Director: Jonathan Teplitzky
A bloke called Charlie Galbraith frequented my local pub in the late 1970’s. Today Charlie would be acknowledged as a semi-functioning alcoholic, but back in those somewhat less enlightened times, he was simply thought of by all and sundry as an old souse. In his cups – Charlie’s cups were as bottomless as The Horn of Plenty – he used to recite a mantra, an incantation if you will and it went something like this:
‘Old Winnie Churchill, Old Winnie Churchill, Old Winnie Churchill and he lives down south.’
Now, at that time, Old Winnie didn’t live down south anymore – as a matter of fact, he’d gone south more than a decade and a half earlier, but no matter, in the slap-happy mind of Charlie, Churchill, the man who led us triumphantly through the dark days of the war, was as tangible as cirrhosis of the liver.
That was the thing about Churchill. He had presence, even when he quite literally, didn’t. He was, he is, to use an overused expression, legendary, a status unlikely to be awarded any current politician and certainly not extended to the likes of Bonar Law or Henry Campbell Bannerman.
By way of evidence, despite having assumed room temperature nearly 60 years ago, Sir Winston Leonard Spencer-Churchill continues to be a regular player in contemporary drama, having been portrayed by, amongst others, such heavy hitters as Albert Finney, Timothy Spall, Brendon Gleeson and er, Christian Slater. Here, it’s Brian Cox’s turn and arguably, this is the definitive version. He doesn’t really look like him but he definitely and comprehensively inhabits the man.
First, the plot. It’s a couple of days prior to the Normandy landings and Churchill, who feels he’s being sidelined by the combined forces of Eisenhower, Montgomery and Father Time, is totally opposed to the plan. Haunted by the memory of the disastrous Dardanelles Campaign of WW1 – bear in mind that, despite a script penned by renowned historian Alex von Tunzelmann, the recognised facts are casually scrambled for dramatic effect – he raises a number of objections, all of which fall on deaf ears. The message is clear: leave this to the soldiers, Winston, your job is to stand back and lead the cheer squad.
The point here is the old boy’s relevance – he questions it at length – and it’s the fulcrum on which the movie pivots. Historical events are summarily sacrificed for a study of how the Churchill legend emerged and to what extent the man, despite his many and varied human failings, contributed to its construction. There’s plenty of detail in the assembly. We see most of Winston’s props – the booze and cigars, the zip up shoes, the homburg, the black dog, bluster and boiler suit. Miranda Richardson as Clemmie, his loyal but far from credulous wife is superb as the voice of reason, reminding Churchill that he’s a man as well as a leader, suggesting somewhat subtly that while he was advocating a conflict on the beaches and the landing grounds, he may well have neglected the small matter of the skirmish in their bedroom; despite his macho self-image, asked if he was interested in super sex, Winnie would almost certainly have plumped for the soup. Indeed, there’s more than a whiff of guilt and sex floating around, Churchill at one point invoking moony memories of his mother, American beauty Jennie Jerome, a woman said to have had beguiled and seduced numerous desirous upper class twits, engendering, apparently, more animated willie’s than Dudley D. Watkins.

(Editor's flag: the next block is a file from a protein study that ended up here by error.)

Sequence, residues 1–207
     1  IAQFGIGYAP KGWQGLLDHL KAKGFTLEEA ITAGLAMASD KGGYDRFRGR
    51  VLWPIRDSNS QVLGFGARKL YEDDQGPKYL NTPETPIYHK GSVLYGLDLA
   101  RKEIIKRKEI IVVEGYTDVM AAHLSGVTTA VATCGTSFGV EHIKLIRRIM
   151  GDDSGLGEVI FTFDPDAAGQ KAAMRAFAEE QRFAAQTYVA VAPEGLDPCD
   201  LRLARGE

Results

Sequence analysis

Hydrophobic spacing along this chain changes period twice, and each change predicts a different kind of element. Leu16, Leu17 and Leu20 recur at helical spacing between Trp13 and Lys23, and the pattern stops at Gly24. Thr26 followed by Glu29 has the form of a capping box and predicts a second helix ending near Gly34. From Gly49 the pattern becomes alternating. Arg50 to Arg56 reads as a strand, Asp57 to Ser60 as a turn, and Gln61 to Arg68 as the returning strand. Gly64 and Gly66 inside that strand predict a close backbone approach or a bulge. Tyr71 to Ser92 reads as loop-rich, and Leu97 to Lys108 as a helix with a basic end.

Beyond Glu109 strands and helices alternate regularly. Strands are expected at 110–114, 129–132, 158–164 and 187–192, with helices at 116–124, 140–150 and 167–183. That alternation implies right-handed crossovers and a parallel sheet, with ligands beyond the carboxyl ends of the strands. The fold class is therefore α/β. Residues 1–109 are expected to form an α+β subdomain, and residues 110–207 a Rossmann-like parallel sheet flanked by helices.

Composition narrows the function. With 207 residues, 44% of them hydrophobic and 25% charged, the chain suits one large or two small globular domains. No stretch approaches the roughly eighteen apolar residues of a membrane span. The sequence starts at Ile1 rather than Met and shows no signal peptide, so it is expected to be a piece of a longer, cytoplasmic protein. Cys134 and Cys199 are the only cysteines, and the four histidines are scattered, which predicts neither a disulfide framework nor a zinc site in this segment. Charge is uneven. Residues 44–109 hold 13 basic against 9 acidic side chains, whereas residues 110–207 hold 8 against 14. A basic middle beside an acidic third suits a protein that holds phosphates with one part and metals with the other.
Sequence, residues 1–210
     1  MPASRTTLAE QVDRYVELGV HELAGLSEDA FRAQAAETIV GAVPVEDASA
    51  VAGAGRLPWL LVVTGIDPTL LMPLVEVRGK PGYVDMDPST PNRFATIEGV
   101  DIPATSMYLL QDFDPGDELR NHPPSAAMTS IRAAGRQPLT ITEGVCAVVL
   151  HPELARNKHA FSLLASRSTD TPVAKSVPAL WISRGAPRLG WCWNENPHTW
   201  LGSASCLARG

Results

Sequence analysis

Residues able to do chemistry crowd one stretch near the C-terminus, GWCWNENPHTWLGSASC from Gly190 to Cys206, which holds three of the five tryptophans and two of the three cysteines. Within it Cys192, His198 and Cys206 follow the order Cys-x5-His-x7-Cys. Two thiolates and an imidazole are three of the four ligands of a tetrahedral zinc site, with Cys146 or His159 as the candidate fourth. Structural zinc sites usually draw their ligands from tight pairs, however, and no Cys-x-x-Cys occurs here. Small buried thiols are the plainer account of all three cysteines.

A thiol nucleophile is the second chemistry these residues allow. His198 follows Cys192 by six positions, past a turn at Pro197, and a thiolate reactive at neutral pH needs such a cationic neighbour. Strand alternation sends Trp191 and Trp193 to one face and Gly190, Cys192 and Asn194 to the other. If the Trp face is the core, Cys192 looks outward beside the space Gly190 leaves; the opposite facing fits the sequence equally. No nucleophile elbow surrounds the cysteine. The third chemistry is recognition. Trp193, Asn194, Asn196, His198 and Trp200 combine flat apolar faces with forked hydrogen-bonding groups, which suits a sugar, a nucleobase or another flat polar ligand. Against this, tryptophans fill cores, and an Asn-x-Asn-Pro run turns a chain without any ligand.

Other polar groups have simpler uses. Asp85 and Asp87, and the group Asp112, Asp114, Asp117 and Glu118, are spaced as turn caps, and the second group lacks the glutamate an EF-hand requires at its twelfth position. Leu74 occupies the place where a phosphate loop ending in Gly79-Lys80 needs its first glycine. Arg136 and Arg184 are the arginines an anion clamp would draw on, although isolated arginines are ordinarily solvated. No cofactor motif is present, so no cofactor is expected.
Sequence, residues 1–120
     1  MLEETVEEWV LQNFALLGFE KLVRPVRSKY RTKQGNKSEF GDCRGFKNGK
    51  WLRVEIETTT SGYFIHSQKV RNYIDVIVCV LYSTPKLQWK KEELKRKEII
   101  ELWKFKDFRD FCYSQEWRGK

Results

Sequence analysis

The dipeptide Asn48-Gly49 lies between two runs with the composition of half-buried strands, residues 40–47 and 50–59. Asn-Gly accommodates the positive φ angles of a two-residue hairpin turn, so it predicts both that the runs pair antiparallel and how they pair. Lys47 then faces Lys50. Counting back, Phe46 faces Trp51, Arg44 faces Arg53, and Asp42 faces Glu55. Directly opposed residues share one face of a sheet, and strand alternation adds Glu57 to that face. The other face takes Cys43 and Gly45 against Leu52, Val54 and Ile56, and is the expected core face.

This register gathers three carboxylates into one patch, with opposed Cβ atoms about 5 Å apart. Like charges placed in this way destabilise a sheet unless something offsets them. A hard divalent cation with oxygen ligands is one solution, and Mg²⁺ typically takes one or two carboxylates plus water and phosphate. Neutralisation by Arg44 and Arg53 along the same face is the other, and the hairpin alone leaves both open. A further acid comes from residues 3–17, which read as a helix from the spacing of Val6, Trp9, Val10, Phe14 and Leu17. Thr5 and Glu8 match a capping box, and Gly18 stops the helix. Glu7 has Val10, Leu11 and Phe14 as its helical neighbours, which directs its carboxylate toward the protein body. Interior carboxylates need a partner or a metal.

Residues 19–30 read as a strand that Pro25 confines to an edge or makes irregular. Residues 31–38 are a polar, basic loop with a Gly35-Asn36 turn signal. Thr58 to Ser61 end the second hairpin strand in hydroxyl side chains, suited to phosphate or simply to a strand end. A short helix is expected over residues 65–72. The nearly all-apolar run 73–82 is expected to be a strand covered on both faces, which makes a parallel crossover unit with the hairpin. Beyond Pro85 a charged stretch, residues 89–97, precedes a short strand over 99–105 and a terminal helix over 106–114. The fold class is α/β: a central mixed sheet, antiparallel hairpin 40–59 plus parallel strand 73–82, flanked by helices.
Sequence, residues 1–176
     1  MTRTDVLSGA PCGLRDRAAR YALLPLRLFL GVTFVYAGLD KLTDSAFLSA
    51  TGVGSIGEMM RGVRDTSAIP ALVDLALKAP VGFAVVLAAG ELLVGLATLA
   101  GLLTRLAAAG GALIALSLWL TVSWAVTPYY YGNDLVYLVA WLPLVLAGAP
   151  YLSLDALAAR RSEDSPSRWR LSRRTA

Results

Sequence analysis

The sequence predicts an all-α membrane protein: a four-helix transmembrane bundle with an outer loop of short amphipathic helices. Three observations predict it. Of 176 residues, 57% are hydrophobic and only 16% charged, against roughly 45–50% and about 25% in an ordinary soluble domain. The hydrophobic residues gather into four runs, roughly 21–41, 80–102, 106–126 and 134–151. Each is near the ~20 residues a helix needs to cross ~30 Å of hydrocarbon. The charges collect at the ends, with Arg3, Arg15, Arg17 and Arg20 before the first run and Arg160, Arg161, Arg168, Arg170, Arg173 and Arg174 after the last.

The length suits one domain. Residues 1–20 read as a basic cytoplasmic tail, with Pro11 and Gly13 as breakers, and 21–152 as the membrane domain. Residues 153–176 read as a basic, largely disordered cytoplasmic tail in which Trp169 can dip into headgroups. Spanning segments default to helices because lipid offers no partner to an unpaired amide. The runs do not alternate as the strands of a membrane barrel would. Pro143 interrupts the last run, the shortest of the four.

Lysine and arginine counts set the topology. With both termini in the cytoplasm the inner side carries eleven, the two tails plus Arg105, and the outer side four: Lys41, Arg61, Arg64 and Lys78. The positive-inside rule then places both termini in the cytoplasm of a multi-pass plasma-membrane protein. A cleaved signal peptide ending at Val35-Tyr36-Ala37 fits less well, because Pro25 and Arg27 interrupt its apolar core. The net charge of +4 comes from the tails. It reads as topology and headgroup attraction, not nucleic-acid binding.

As a study of the man and the legend, Churchill works on both counts, entirely as a result of Cox’s bravura performance. It’s all there – the snuffling, the chuntering, the ego and the whisky – lots and lots of whisky and as such, it’s eminently palatable. Not that there aren’t any weak links, some of the side action being as shaky as Stevens of that ilk. Specifically, a sub plot involving Churchill’s secretary which adds nothing to the story, John ‘Mad Men’ Slattery, totally miscast as Eisenhower and the scene where Montgomery rallies the troops prior to D-Day, hopelessly compromised by the fact that, presumably for budget reasons, the entire regiment of squaddies would struggle to form a five a side team..
Essentially however, the film is all about Brian Cox and on that basis it’s great. Even a cornball scene where WC is on his knees praying to God for rain in order that the invasion can be postponed, laughably trite in most actor’s hands, is wholly rescued by the skills of the master technician Cox undoubtedly is. It could have been terrible – it really should have been terrible, but somehow, amazingly, it isn’t and works.
‘Oh, how I wish I had a drink’, Winston exclaims, on the few times in the film when he isn’t actually having one. Old Charlie Galbraith, as I recall, used to say exactly the same thing, but because he didn’t work on his legacy as avidly as Churchill clearly did – (and also because, outside of the confines of the Burgh Bar Charlie was completely anonymous), history has only bestowed legendary status on one of them. They also serve who only stand and drink, said Milton (nearly). Charlie and indeed old Winnie, would, I’m sure, completely concur.
Might appeal to people who enjoyed:
Young Winston, Our Winston, Your Winston, A’body’s Winston.